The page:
Severe bilateral lateral ventriculomegaly but the third ventricle is non dilated. The septum pellucidum is absent, with configuration of the frontal horns suggesting that this is likely due to perforation of the septal leaves rather than failed formation. Supporting this is:
- The severe degree of ventriculomegaly
- Severe thinning of the parenchyma overlying the occipital horns of the lateral ventricles consistent with increased intraventricular pressure.
Impression of a forniceal nodule suggesting the fornices are fused and that the absence of the septal leaves is therefore malformative rather than destructive. However, this appearance can be due to close approximation of two separate fornices due to limited spatial resolution of fetal MRI.
The corpus callosum is present but very thin.
The Sylvian fissures are very shallow and other sulci that should be seen at 22 weeks, namely the parieto-occipital and calcarine sulci, are not evident. This can occur when ventriculomegaly is present, especially when it is severe, due to stretching and effacement of the sulci rather than primary failure of formation.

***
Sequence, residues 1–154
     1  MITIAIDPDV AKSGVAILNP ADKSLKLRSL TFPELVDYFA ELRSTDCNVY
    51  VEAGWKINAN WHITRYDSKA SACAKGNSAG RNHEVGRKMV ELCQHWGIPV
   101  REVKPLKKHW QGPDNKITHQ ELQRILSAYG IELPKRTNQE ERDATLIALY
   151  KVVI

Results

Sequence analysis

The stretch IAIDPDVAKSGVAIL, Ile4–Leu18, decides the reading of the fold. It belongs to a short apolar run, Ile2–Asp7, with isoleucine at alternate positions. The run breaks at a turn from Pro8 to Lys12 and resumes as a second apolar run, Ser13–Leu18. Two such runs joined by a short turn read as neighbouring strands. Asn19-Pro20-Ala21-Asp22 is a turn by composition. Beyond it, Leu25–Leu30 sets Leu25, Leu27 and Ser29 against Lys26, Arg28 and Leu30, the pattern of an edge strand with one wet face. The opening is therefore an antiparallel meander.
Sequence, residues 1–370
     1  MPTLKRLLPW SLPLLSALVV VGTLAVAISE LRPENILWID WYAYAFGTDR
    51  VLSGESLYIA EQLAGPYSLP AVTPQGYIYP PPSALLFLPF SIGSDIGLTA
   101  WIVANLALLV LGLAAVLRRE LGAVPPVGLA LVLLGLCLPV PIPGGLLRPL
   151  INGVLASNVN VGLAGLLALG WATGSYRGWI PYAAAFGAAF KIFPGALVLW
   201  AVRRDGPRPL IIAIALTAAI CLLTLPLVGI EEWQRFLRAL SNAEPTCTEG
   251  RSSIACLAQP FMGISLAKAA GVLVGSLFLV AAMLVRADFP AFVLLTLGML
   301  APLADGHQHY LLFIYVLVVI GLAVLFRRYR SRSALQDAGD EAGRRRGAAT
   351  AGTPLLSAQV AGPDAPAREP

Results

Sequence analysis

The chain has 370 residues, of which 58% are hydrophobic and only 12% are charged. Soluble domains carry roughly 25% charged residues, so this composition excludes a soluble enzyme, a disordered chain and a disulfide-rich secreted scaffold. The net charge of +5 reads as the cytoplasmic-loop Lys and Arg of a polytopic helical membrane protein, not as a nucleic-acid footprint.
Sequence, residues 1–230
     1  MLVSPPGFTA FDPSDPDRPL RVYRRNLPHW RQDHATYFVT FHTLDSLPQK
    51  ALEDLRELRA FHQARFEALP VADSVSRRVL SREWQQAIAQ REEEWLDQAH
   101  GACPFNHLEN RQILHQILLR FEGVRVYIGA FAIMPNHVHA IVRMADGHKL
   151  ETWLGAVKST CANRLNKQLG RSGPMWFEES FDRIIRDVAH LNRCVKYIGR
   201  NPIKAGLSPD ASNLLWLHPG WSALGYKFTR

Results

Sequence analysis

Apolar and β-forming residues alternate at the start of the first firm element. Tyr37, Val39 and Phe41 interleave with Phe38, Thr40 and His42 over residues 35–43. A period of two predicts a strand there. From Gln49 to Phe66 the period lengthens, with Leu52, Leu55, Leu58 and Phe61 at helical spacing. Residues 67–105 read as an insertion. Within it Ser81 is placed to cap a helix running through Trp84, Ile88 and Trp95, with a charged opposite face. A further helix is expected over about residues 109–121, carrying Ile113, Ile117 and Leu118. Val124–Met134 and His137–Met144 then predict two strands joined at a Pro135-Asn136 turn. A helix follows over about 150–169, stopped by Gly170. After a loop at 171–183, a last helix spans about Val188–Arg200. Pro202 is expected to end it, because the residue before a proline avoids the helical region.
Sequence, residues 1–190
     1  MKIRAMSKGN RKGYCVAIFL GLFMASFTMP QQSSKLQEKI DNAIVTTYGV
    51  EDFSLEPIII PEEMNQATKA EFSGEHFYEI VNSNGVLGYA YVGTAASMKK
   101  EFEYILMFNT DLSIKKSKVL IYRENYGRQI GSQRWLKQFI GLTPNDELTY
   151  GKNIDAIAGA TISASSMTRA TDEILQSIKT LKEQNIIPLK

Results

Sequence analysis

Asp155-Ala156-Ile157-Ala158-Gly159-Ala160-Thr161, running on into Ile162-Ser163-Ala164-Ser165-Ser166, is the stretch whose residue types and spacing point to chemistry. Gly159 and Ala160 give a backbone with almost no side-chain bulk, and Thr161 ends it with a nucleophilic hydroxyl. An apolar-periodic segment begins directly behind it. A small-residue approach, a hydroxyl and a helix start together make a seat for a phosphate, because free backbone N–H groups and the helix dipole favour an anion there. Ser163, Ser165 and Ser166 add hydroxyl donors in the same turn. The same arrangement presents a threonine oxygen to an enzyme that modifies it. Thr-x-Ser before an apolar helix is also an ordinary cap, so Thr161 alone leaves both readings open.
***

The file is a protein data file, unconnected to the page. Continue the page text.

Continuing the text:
Although there is some evidence of lamination in the hemispheric parenchyma, it is difficult to assess for normality due to the parenchyma being stretched and thinned by the enlarged ventricles.
Normal brainstem and cerebellum. Note that the ganglionic eminences are not enlarged,
Although the aqueduct of Sylvius is difficult to identify on the sagittal images this can be the case on fetal imaging when motion degradation is present and is not necessarily specific for aqueductal obstruction.
In summary, the severe lateral ventricular dilatation combined with parenchymal thinning over the occipital horns of the lateral ventricles suggests an obstructive cause for the absent septal leaves due to perforation.